Again, this is my idea on how to tackle this. Others may have a better approach. I am open and eager to join heads.

navigatro
09-26-2017, 05:31 PM
You need a NAV for crossing the pond. You need a NAV for MNPS airspace. I don't think needing an FE for all flights is an FAA criteria. I could be wrong but we need to look into this.

F/E's are required crewmembers.

your NAV hours will count towards an FAA Nav rating. They do not and should not count towards a pilot ATP. I am a former nav, so I have some understanding, but you are fighting a losing battle.

rickair7777
09-27-2017, 06:43 AM
FEs are a known quantity and have an established (if largely historical) place in 121 ops. Nav, wso, rio, abm, mpra taco, etc, etc are not consistent experience. It would have to be airframe. Just not enough interest.

155mm
09-27-2017, 10:37 AM
FEs are a known quantity and have an established (if largely historical) place in 121 ops. Nav, wso, rio, abm, mpra taco, etc, etc are not consistent experience. It would have to be airframe. Just not enough interest.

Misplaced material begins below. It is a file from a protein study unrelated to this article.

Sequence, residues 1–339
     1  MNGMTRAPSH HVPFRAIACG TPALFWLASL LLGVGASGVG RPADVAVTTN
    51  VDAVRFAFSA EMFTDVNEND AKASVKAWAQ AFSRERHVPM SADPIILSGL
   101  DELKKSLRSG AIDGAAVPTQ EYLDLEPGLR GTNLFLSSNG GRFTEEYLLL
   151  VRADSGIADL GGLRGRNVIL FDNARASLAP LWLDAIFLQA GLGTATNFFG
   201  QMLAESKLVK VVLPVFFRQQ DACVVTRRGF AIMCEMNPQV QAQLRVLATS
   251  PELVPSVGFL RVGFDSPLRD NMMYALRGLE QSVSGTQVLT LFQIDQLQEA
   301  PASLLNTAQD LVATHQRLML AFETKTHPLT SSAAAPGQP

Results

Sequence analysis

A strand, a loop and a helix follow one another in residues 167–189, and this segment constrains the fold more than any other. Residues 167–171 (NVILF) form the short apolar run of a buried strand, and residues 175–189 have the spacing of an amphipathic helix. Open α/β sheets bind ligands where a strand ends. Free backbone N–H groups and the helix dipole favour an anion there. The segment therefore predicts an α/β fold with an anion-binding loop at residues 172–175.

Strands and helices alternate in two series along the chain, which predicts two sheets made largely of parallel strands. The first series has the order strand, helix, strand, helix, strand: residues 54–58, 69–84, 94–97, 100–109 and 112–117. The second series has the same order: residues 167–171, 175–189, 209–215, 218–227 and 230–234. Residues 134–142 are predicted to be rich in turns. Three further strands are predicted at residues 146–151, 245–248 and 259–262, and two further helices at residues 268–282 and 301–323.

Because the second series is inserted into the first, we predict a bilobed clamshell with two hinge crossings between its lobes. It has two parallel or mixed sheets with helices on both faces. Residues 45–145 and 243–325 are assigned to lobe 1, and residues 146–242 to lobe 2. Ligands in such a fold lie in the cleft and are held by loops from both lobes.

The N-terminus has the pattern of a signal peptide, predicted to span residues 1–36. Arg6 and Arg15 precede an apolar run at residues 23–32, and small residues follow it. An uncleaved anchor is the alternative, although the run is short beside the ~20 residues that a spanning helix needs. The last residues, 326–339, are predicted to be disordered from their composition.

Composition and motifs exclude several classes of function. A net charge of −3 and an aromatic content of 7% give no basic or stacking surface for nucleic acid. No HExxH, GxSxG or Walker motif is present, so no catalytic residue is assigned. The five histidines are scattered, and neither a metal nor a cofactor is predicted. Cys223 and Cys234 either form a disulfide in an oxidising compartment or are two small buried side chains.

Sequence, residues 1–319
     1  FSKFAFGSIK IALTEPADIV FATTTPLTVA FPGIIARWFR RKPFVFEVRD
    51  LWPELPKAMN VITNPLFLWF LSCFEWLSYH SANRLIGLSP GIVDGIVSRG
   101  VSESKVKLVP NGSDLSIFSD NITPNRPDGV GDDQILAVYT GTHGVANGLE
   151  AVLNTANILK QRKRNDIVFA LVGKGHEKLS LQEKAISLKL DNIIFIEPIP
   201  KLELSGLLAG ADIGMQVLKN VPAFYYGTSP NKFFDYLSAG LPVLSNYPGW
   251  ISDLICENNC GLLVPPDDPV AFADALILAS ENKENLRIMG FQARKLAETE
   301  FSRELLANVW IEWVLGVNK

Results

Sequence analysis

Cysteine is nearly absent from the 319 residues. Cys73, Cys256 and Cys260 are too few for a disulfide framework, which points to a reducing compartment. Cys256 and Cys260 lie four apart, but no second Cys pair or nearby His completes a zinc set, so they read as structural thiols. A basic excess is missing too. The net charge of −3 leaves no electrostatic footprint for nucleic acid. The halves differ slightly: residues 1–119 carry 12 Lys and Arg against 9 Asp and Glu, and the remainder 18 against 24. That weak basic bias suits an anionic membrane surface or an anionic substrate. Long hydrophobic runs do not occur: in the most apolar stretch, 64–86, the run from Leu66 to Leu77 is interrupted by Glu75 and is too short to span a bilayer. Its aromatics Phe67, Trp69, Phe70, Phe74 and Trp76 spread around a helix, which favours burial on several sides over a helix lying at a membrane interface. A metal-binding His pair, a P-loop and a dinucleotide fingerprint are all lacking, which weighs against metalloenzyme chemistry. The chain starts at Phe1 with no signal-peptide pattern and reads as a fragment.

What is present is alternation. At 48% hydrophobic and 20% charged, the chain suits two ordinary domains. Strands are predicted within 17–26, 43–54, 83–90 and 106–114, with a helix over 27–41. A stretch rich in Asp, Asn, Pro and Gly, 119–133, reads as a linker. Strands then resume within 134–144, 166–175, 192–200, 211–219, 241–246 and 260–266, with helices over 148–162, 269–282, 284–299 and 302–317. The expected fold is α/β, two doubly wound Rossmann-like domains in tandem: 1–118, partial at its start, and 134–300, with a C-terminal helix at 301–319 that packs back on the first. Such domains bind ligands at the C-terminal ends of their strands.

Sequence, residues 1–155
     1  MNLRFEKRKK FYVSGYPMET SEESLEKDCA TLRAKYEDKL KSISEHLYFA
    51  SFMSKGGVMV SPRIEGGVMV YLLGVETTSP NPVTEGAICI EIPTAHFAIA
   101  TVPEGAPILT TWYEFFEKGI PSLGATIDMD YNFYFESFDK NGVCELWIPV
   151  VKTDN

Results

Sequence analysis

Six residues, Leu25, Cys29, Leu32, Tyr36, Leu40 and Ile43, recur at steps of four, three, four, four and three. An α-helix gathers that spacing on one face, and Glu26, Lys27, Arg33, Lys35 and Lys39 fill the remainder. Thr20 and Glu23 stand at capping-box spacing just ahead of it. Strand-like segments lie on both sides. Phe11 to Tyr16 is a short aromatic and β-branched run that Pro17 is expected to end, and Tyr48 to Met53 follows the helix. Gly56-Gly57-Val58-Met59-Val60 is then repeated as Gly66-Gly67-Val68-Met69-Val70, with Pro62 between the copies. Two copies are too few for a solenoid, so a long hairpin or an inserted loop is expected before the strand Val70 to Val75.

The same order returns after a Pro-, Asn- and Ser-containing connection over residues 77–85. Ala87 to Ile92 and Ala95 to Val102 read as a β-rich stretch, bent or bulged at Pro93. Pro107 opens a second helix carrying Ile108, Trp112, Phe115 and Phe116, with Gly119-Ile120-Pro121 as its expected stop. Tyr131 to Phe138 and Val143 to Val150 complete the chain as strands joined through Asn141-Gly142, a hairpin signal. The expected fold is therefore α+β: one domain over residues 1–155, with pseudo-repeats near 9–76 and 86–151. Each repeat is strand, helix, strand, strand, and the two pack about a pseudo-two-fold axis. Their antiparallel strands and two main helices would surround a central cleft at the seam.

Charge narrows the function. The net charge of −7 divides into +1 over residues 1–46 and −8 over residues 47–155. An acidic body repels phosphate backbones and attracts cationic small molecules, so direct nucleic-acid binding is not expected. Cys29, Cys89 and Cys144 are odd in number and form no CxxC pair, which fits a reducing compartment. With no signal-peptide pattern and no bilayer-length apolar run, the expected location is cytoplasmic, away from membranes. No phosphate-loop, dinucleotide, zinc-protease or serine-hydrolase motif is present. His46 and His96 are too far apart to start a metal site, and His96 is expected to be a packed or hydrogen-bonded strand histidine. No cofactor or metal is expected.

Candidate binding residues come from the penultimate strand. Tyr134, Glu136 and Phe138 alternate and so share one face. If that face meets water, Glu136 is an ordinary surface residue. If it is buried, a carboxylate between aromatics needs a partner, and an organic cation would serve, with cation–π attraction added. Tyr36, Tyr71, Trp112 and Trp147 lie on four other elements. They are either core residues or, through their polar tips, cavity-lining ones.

In addition, the aircraft type certificate requires the flight engineer regardless of Part 121, 91 corporate or military use. The other positions you mention are duty positions not required by type certification. Of course, a certain carrier converted all its perfectly good DC10s to a MD10 but that's another story.....the flight plan stills shows it as a DC 10 so perhaps if you jumpseat as an ACM in the old FE seat for 500 hours some third world country will count it towards an ATP? :(

Castle Bravo
09-27-2017, 12:53 PM
Can you lay out the argument you'll make to the FAA for this?

Does your proposal hinge on simply asserting equivalency with FEs (or rather, equivalency with pilots in the same way that FEs are in the CFR)? If that's the angle, then is your goal the 500-hours-credit-for ATP rule?